Why the Best Content is (Seemingly) Unrelated to Your Brand

One of the most difficult things for marketers to do is to identify what types of digital content their target audience is actively searching for and how they’re going about their searches. While marketers have metrics and other numbers to empirically show which keywords, phrases and topics readers flock to most, these numbers give marketers little insight into the actual search habits of a typical consumer. And, as individuals who spend the majority of their days staring at computer screens and searching the web for interesting writing topics, it’s difficult to take one’s self out of the marketer mindset, and put themselves back into the consumer mindset.

When I find myself in this scenario, I imagine myself on Sunday morning with a fresh cup of coffee in one hand and my tablet in the other; then I ask myself, “where is the first place I navigate to on the Internet on Sunday mornings?” The answer, as many will attest, is not to navigate to my favorite brand’s website or blog, and in fact, the last things I want to be bothered with are advertisements and branded content.

Personally, I head right to the New York Times, then the Washington Post, spend a few minutes on sites like Politico and Politifact, hit up Flipboard and social media before heading to Netflix or calling it a day. What can I say, I’m what many would refer to as a “news hound” but consider this; my routine, which is about as set in stone as routines go, at no point shows me going to the websites of Enjoi, Samsung or T-Mobile—three of my favorite brands—to read any of their content.

Why? Because these companies’ blogs are either non-existent or too company focused to be appealing to the average user. And, here’s the thing about the average user, they’re exactly the prospects that you’re trying to convert into new customers.

While this may seem counter intuitive to what content marketers have been preaching for the better half of a decade, it’s not. The fact is you need content that is focused around your company and its products and servicers if you want to start ranking higher on search engines and increase your visibility. However, if your brand’s blog is all about itself, rather than its mission, then you’re going to be losing interest from those outside of your immediate sphere of influence. Furthermore, viral content or the content that has the potential to be widely shared, is rarely ever about the brand itself, its products and services or anyone inside the company for that matter.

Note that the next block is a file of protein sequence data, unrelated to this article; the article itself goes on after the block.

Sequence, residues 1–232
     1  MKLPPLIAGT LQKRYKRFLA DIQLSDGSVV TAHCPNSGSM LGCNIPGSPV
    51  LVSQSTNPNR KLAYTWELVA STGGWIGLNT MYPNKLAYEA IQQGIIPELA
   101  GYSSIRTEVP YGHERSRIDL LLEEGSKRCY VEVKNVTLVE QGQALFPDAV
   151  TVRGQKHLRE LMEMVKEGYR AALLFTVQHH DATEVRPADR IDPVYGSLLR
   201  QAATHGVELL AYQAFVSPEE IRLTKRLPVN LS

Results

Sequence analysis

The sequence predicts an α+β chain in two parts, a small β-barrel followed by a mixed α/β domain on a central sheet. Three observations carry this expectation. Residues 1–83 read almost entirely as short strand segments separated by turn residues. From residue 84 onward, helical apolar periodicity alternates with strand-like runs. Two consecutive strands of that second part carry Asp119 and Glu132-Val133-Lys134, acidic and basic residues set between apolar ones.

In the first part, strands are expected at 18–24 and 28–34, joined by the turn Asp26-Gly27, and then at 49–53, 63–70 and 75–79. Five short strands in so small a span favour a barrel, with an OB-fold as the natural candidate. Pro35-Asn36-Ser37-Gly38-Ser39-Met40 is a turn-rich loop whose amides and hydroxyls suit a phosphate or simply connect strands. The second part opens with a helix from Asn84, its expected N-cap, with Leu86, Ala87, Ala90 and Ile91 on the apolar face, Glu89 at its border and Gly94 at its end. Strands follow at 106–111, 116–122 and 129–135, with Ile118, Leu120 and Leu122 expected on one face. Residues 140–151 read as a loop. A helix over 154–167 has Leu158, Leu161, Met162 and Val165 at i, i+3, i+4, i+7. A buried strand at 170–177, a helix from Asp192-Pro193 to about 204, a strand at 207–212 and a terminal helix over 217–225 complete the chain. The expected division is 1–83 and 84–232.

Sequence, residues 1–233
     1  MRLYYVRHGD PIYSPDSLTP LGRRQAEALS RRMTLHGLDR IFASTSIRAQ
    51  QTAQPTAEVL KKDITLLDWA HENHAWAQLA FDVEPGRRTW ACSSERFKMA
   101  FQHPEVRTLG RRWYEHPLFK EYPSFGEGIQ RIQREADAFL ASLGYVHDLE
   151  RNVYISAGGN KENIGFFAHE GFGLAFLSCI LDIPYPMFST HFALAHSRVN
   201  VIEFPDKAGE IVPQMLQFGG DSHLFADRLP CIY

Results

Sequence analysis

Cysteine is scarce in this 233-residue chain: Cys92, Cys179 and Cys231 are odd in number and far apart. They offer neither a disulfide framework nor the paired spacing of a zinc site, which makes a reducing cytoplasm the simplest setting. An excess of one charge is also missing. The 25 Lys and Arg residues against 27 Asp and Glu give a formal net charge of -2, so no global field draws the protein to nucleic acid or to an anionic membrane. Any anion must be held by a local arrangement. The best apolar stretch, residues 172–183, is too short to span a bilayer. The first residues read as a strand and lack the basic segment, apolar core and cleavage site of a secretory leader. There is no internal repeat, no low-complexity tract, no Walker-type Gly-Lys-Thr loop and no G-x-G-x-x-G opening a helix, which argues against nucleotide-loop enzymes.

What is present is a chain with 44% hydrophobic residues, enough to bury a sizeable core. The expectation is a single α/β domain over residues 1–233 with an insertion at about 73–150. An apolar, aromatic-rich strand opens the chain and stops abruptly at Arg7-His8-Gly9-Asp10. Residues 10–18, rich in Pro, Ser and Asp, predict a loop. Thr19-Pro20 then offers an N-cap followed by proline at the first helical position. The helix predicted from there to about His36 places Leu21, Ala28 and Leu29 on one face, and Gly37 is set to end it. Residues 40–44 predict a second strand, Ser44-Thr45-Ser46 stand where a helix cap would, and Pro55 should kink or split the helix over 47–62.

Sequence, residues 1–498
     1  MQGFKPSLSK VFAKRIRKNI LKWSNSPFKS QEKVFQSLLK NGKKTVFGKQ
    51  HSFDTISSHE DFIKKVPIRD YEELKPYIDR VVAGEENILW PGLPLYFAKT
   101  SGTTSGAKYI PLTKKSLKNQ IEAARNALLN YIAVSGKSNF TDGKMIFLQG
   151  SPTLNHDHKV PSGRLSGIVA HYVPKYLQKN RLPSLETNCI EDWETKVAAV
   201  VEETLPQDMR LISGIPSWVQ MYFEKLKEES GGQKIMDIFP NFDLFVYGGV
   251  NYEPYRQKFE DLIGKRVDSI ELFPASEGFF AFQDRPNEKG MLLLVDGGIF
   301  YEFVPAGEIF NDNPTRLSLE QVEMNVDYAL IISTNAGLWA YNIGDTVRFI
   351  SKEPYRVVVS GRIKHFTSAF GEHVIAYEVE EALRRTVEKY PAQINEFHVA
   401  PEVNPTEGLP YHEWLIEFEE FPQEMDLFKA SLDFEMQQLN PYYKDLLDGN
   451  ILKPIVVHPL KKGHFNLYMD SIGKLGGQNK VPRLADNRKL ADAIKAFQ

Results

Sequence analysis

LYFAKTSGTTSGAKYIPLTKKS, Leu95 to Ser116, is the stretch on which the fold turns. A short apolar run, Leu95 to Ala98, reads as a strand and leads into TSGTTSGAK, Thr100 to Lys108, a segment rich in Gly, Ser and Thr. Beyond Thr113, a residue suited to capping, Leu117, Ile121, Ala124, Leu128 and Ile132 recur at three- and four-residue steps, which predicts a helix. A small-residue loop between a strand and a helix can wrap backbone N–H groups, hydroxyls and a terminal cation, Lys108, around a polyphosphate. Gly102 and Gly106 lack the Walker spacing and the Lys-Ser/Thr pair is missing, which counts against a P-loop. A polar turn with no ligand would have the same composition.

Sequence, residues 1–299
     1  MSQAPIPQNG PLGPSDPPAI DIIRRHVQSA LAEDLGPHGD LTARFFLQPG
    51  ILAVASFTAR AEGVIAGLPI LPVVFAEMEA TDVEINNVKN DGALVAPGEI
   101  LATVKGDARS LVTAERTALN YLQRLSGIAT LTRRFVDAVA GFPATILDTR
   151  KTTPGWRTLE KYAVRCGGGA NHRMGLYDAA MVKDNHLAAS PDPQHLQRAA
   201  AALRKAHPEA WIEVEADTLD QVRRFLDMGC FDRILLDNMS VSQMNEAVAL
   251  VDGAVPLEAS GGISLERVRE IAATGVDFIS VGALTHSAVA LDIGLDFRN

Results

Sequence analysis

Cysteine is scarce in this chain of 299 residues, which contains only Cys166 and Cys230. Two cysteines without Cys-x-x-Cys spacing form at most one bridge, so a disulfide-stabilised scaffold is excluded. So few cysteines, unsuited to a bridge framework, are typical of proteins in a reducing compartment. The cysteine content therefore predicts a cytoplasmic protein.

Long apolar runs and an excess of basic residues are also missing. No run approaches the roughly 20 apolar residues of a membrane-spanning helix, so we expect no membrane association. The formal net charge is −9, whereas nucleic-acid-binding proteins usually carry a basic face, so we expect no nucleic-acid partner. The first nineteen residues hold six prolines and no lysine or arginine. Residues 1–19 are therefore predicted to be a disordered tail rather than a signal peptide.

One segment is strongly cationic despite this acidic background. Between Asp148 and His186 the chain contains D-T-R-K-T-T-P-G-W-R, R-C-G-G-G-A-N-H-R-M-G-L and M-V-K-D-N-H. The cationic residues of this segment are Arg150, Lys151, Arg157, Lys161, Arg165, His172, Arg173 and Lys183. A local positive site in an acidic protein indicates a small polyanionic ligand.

Content that does get widely shared is content that is interesting, creates value for the reader, and plays on their interest rather than their pain points.

Consider AirBnB as a prime example of a blog that has the reader’s interest top of mind and provides top quality content to pull in readers outside of their immediate consumer base. AirBnB, while publishing articles on their success this past summer and the charity event they recently put on for San Francisco Firefighters, doesn’t overwhelm the reader with company focused content. Rather, as a travel and hospitality organization, AirBnB focuses a majority of their content on travel, authoring local and travel guides for major US cities that their customers frequent, and have even built out filters on their blog to help hide some of their more branded content. They also write blogs focused on interior design and do-it-yourself home projects.

This content is seemingly unrelated to AirBnB. The company is meant to help homeowners rent their rooms out (often) for weekend stays to customers who don’t want to stay at hotels. However in crafting this content, they’re attracting Internet users who are going to Google to search terms such as “What can I do while visiting Chicago,” finding their article “Local List: Exploring the Best of Chicago,” navigating to the AirBnB blog, and suddenly finding themselves considering AirBnB for their trip to Chicago. They’re expanding their reach through this content that seemingly has nothing to do with AirBnB, all while making their platform appeal to larger and larger audiences.

Starting a blog for your brand can be difficult. There are a lot of rules to follow to keep the search engines happy, many decisions to be made in voice and messaging, and a ton of content creation to take care of to stay competitive. However, if you’re looking to expand your reach and create a blog that is a destination all unto itself; it may be time to consider some content that is (seemingly) unrelated to your brand.